“What’s the garden? What about the people who lived in the building? What about the artists that the building was intended for?” Zebulon said.

But Van de Bout said it is important to save that gated open space, one of the few undeveloped lots in the historic district.

While 20 Henry St. and the adjoining courtyard both fall within the Brooklyn Heights Historic District, the open lot can be developed with up to a 50-foot-tall building under current zoning without factoring in necessary landmarks approvals.

Jo Anne Grafflin, who has lived at 55 Poplar St., around the corner from the courtyard, since 1992, is afraid a tall building at the corner will cut off some of the natural light on her block and change the character of that section of the historic district.

“A big building there would not convey the idea of what Brooklyn Heights is about at all,” she said. “It’s sort of eroding the 19th-century character of the neighborhood.

“We need the open space on the corner there,” she said, so as not to “cut off the small buildings down the street from the light.”
Sherida Paulsen, the architect hired by the new owners to design the building planned for the courtyard is a former chairwoman of the city’s Landmarks Preservation Commission. She said there would be two new adjacent buildings, but the design is not yet completed.

“We saw it as a transition between the lower scale of the townhouses and the higher scale of the towers outside of the district,” said Paulsen, referring to the 30-story high-rises along Cadman Plaza West. “We thought it would especially enhance the pedestrian streetscape. Right now you have a walled off parking garage.”

The new design, she said, would help “bridge” the various types of buildings along Henry and Poplar streets in the northernmost section of the Heights which, she said, “is not a typical brownstone kind of street — you have the St. George Hotel, the art deco [Cranlyn apartment] building … two wooden row-houses, an old police precinct, across the street [on Poplar Street], there’s brick apartment buildings and some landmarks-approved co-ops.”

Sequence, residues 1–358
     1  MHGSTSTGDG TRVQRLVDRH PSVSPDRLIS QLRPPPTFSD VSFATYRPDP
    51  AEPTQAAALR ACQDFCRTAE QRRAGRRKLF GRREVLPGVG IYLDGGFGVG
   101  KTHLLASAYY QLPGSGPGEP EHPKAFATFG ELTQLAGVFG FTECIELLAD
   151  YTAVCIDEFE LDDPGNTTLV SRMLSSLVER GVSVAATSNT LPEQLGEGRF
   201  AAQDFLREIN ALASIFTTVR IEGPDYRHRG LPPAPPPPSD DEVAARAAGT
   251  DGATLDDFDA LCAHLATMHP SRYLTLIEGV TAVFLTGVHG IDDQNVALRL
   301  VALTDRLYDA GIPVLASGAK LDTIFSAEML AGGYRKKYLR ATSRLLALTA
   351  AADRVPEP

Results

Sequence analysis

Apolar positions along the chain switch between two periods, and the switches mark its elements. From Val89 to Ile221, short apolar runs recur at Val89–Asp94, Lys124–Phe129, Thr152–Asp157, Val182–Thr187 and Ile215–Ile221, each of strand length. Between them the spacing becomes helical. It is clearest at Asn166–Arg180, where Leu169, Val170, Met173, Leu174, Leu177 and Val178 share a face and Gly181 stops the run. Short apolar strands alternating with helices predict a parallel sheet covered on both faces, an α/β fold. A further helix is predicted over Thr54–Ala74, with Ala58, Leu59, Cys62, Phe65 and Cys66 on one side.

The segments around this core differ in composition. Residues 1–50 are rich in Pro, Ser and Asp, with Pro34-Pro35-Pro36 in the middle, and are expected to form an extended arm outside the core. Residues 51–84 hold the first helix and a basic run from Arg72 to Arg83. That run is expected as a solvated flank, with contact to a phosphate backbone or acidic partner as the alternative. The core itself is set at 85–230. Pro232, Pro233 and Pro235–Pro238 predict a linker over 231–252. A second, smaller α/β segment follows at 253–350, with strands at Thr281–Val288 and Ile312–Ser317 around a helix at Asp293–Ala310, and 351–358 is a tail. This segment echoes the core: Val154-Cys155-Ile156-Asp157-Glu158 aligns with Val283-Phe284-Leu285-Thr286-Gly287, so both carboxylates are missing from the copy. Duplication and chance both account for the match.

Paulsen said she has worked with both the BHA and the Municipal Art Society in her redesign, and said, “We’ve really been trying to listen to their comments about the design of the building.”

“They’ve expressed concern about the scale,” she said. “Our position and our proposal is based on the fact that there’s not one single style along Henry or Poplar street, there’s a mix of styles and building types.”

She described the planned building as a “real red brick” apartment building of nine stories plus a penthouse, with another portion standing four-stories tall along Poplar Street, although BHA members said the four-story portion was just along the street wall but that building is planned for nine stories, as well, using a setback.

Paulsen expects renderings to be available by the end of the month, as they near their March 29 hearing before the Landmarks Preservation Commission. Meanwhile, Community Board 2 last month voted to recommend disapproval of the application to the Landmarks Preservation Commission and has forwarded that recommendation to LPC Chairman Robert Tierney.